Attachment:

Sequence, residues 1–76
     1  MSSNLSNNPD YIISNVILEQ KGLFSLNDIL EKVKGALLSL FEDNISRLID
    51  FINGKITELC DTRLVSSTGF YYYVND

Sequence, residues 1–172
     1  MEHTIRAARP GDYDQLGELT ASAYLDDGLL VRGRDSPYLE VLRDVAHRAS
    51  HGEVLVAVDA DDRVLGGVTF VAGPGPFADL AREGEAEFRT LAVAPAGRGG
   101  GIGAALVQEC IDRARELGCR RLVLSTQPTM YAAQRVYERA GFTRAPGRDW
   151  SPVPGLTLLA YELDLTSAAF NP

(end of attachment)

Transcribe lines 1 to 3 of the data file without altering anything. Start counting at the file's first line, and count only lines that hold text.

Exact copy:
Sequence, residues 1–76
     1  MSSNLSNNPD YIISNVILEQ KGLFSLNDIL EKVKGALLSL FEDNISRLID
    51  FINGKITELC DTRLVSSTGF YYYVND